The BBC, misreporting a United Nations report, wants us to switch to a mostly plant-based diet in order to alter the weather. Would it work? No. A recent “meta-analysis” of all the peer-reviewed papers on this topic found that if the average westerner gave up meat altogether it would cut her total emissions by just 4.3 per cent. This is because food is only a modest part of our emissions. And since vegetables are cheap, the savings would almost certainly be spent on other things with emissions attached, so the actual reduction would be even smaller than that. The effect on the climate would be unmeasurable.
“Eating carrots instead of steak means you effectively cut your emissions by about two per cent,” says the environmental economistBjorn Lomborg. “As a vegetarian for ethical reasons, I will be the first to say that there are many good reasons to eat less meat. Sadly, making a huge difference to the climate isn’t one of them.”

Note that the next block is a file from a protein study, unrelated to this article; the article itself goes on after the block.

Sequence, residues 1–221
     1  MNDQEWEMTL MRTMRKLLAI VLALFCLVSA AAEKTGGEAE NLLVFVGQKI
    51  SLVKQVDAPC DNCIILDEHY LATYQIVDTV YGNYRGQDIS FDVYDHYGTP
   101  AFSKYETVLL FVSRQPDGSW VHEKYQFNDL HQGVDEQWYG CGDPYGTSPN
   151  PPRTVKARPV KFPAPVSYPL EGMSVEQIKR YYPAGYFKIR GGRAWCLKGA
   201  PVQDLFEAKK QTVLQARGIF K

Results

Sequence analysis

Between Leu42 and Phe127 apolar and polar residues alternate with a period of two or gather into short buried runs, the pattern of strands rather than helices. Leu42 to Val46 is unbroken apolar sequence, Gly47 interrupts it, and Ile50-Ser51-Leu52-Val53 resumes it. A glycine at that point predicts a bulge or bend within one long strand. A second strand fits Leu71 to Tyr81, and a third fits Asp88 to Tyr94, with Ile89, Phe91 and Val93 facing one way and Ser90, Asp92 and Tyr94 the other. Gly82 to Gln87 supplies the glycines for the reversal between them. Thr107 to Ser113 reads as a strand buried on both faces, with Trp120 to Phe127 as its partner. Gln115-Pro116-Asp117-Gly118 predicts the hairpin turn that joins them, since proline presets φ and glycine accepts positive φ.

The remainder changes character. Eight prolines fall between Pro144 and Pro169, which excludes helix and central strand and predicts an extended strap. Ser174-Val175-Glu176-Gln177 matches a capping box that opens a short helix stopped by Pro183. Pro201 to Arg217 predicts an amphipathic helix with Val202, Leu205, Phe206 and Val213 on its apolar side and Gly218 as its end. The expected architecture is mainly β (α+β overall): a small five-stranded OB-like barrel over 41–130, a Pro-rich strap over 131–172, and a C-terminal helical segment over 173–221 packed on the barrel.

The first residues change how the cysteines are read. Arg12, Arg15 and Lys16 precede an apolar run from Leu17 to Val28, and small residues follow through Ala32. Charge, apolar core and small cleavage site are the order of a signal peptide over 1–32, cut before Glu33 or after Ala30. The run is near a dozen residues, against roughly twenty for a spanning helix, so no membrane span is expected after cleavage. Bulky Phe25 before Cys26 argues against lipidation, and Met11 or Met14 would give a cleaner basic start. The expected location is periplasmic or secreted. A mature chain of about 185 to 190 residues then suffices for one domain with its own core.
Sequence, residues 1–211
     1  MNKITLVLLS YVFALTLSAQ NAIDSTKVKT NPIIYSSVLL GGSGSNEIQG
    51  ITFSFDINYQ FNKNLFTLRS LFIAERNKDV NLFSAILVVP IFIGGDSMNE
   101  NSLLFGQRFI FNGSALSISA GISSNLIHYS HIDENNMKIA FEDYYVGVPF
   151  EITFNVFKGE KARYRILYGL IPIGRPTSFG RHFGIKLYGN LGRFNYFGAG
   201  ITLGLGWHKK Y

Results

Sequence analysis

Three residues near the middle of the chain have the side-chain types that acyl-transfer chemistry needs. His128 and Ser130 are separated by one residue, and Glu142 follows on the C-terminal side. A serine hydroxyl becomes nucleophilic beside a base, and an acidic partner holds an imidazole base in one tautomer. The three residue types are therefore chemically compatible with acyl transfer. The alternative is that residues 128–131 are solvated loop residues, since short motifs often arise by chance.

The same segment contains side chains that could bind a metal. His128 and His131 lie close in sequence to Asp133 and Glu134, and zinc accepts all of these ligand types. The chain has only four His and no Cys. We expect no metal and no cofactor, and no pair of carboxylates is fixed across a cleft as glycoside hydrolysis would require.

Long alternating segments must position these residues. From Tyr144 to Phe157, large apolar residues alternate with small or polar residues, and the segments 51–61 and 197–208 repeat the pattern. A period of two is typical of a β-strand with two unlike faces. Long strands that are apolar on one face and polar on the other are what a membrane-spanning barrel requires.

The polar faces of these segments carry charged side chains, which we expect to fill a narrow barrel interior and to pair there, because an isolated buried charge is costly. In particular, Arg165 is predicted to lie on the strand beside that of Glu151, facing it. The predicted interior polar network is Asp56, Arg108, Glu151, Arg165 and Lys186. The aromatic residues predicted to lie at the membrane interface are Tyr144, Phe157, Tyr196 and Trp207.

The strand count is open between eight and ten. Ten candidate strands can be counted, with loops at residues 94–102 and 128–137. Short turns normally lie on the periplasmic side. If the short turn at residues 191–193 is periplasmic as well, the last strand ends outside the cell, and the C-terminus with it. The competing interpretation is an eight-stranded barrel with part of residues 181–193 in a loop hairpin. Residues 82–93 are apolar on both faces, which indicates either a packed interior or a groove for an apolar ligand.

Although the BBC seems oddly obsessed with the topic of meat – given how little difference it would make – at least it does not intend to force us to become vegetarians, let alone vegans. Or does it? Last November the former head of the UN Framework Convention on Climate Change, Christiana Figueres, mused: “How about restaurants in 10-15 years start treating carnivores the same way that smokers are treated? If they want to eat meat, they can do it outside the restaurant.” The climate is just the latest feeble excuse for the nannies who love to lecture us about our diet. In an all too familiar progression, what starts out as a suggestion then becomes ostracism and ends in state coercion. All based on a false premise.
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